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How does mise-en-scene and cinematography construct meaning and involve the audience in the chosen sequence from Goodfellas?

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Alex Bowers Goodfellas Coursework How does mise-en-scene and cinematography construct meaning and involve the audience in the chosen sequence from Goodfellas? The sequence that I am studying follows the daily tasks of Henry under the influence of drugs and paranoia. Throughout the scene, Martin Scorsese (Director) uses effective cinematography to portray the time period in which the events happen; from about 06:55am until about 22:00pm in a matter of minutes. Due to this, there are many close-ups with short durations to give a rushed/chaotic impression so that the audience has much to intake before moving on. This is also reinforced by the mise-en-scene which is jam packed full of eye-candy so that the audience can still follow the story outline, regardless of the confusion. The opening shot is a close-up on Henry snorting a line of cocaine next to the barrel of a revolver. The two props chosen here represent the theme for the chosen sequence, Henry's lifestyle. The fact that he is snorting cocaine so early in the morning could also metaphorically be showing the audience that he is not under full control of his actions, possibly needing some extra help to get him through the day ahead of him. The once snorted, the camera follows his hand as he takes the revolver from the table and places it in a brown paper bag containing other assorted pistols. ...read more.


At this point Henry nearly crashes into the car in front by not paying attention to the road. POV shots of the drivers seat position the audience in the car and feel Henrys emotions through short, sharp close-ups of him panicking. To our relief, Henry is given a brief break from his routine when he reaches the hospital to pick up his brother. This is the first link that splits the gang lifestyle from his quality family time. The camera is panned out in a single shot of Henry's motion and is edited by a series of quick shots. The fact that the doctor helps him by giving him valium adds a slight sense of security on the audiences behalf. However, on his journey home, the helicopter re-appears along with his paranoia ad in enhanced by more POV shots. Zooming in on the helicopter seems to construct he relationship between Henry's activities and the law. The audience is involved as if they are in the car being watched by a grater presence in the sky. The narration in the next scene is looking back, but when things are rushed he still sounds rushed as he lists his cooking instructions. The camera moves around the room to display the activity that is happening in the kitchen and create a demanding environment. Henry is filmed mid-shot wearing a vest and an apron to show that he is getting his hands dirty even within his family routine. ...read more.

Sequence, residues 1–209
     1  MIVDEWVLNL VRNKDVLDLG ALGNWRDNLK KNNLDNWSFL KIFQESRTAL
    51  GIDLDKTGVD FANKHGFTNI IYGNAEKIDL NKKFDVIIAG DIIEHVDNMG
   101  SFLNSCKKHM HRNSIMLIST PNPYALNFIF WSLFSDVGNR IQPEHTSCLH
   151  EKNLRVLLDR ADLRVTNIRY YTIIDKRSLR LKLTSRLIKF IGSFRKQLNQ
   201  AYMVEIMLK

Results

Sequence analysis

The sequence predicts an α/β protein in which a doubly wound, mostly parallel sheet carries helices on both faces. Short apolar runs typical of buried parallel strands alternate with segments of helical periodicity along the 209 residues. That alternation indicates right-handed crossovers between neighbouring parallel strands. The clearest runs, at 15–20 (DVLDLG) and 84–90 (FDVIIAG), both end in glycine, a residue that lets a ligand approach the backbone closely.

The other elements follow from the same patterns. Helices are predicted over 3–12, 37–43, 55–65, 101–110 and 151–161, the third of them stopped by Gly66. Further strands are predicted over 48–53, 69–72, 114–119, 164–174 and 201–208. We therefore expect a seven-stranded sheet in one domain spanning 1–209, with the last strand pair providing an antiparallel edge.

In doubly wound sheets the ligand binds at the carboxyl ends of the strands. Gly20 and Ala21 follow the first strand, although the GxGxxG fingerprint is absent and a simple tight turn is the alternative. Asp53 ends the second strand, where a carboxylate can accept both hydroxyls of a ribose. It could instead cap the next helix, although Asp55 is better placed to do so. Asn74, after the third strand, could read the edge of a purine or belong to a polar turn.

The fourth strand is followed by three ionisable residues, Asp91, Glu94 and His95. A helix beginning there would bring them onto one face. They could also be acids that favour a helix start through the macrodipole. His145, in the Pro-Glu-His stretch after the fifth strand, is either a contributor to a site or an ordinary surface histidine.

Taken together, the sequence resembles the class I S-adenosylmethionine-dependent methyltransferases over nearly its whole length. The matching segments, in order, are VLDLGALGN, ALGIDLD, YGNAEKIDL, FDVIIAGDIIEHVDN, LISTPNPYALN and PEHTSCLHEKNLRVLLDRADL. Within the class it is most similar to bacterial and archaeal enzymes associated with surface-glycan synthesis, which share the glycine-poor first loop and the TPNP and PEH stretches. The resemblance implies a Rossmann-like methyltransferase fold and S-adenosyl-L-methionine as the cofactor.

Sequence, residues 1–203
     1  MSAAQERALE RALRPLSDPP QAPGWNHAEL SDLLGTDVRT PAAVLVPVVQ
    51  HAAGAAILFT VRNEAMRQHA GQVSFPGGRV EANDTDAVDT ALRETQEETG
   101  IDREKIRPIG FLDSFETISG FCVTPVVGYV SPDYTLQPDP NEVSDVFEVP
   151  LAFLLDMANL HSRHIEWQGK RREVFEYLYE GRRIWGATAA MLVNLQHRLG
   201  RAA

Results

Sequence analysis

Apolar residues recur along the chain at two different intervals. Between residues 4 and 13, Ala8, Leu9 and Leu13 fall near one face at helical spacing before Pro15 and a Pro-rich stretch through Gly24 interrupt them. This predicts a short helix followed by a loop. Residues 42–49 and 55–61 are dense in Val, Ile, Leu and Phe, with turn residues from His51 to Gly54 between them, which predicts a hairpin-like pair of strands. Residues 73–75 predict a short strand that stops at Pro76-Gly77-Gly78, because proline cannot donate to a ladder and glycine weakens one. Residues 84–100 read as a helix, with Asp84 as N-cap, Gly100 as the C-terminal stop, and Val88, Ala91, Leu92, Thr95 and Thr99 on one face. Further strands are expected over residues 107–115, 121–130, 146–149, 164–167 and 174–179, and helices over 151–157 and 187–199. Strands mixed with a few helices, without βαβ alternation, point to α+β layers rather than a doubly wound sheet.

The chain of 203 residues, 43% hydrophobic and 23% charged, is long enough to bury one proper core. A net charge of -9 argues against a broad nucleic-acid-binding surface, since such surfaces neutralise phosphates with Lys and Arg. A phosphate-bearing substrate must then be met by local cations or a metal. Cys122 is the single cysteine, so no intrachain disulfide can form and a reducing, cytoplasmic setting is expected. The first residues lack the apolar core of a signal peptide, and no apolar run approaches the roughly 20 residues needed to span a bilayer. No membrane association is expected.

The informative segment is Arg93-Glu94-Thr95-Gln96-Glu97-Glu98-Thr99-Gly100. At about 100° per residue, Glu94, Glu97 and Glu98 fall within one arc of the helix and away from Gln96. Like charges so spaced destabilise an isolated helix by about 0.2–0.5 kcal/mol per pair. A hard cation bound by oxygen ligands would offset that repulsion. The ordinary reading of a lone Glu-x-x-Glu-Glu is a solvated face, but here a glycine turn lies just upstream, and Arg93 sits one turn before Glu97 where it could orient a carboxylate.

Now the audience experiences a feeling of relief as a load has been taken off their minds, the meal was a success. This simplistic meal shot shows the emphasis of the family coming together. When Henry goes for his after meal smoke he is approached by Louis who wants to get her "lucky" hat from home. Henry is viewed from an O/S 2-s to highlight his expression towards the question, which is disbelief. The heavy eye shadow used in this shot reminds viewers of how tired Henry now is. They both enter the car and as they pull out of the driveway, BANG! COPS! The next thing we see is a police officer aiming a gun at Henry from a low-angle 2-shot which portrays the hierarchy of the two. A handheld camera effect is used in the next shot as Henrys wife attempts to dispose of the drugs. This way the audience gets to see her unexpected reaction to the police as well as her on the spot thinking. The aftermath focuses on Henry in a world by his own. The drug/cooking equipment that Henry used to mix his drugs is brought in which shows once more his two contrasting lifestyles, the family man and the gangster. Overall, I think that this scene is extremely well done. Throughout there are many cinematography effects used to create he frantic emotion and narrative of the piece. Most shots are all in one camera movement to concise the timescale and allow the audience to follow the motion. ...read more.

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